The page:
I really liked this movie. On the surface, this might strike you as an alien movie, but Ripley doesn't have a gun. Instead, our heroine is armed with a brain and the ability to learn and communicate.
The always impressive Amy Adams (The Fighter, Nocturnal Animals) plays cunning linguist Louise, who, when alien objects touch down in 12 places across the globe, is enlisted by the military to try to figure out what their purpose on earth is. (By the way, Adams is fearless in this unglamorous role.) Louise joins a team of military men, led by Colonel Weber (Forest Whitaker) and Agent Halpern (Michael Stuhlbarg), and scientists, including theoretical physicist, Ian (Jeremy Renner), who are all trying to save human kind.
Written by Eric Heisserer (based on the Ted Chiang story, "Story of Your Life") and directed by Denis Villeneuve (Enemy), the story is interspersed with flashes of Louise's home life, which includes daughter Hannah. As the movie continues, though, you're not sure if they're flashbacks or visions of what's to come. And that's part of the fun.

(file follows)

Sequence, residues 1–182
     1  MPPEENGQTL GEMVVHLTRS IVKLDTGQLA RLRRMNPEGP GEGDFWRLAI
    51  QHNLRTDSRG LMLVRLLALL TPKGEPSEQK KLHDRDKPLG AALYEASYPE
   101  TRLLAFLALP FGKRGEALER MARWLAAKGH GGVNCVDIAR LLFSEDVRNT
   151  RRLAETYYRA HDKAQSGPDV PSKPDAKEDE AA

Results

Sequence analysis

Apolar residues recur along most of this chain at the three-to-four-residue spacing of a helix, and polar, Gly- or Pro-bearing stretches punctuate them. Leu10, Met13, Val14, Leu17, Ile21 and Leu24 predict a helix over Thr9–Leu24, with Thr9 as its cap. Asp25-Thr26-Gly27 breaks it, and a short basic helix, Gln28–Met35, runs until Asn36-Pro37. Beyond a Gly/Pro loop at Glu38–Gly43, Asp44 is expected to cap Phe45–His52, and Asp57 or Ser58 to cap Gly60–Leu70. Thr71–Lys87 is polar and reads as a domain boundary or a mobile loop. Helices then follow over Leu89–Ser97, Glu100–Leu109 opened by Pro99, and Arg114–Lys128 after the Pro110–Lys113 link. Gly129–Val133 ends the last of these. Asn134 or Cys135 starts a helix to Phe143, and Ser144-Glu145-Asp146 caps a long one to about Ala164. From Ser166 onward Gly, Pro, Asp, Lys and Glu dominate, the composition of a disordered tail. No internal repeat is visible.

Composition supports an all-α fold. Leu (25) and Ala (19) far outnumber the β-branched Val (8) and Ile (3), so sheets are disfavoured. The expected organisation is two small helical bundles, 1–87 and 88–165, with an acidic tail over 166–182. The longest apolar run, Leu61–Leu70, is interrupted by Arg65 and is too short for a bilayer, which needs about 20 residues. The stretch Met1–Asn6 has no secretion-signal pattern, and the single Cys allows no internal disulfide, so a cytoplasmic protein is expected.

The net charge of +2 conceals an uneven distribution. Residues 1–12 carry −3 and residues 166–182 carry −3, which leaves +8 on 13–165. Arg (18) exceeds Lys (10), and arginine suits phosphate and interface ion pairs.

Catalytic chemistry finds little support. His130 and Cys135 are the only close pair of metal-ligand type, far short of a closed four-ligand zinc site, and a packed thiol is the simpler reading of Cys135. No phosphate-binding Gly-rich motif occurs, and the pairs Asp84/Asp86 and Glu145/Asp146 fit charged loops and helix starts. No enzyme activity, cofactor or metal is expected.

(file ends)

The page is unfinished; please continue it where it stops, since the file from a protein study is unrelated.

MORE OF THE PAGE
Arrival's prologue introduces us to Louise and Hannah, showing the different stages a mother and daughter might go through. There's the time when Hannah is a snuggling toddler, and says to her mommy, "I love you"; and there's the time when Hannah is a teenager, and says to her mother, "I hate you." Our entire lives are spent trying to figure out how to communicate with one another, trying to connect with those who see the world the way we do, those who use the same language.
You see, the importance of language cannot be overstated. It not only helps us converse, but shared language can help us understand one another. As Louise points out, the language we speak shapes the way we think. If someone or some thing thinks differently, you could use the same words and communicate entirely different things. The way this lesson and Louise's fight to decipher the aliens' language plays out is—seriously—romantic and affecting. By learning how to speak, we learn how to connect, and, in turn, we learn about ourselves.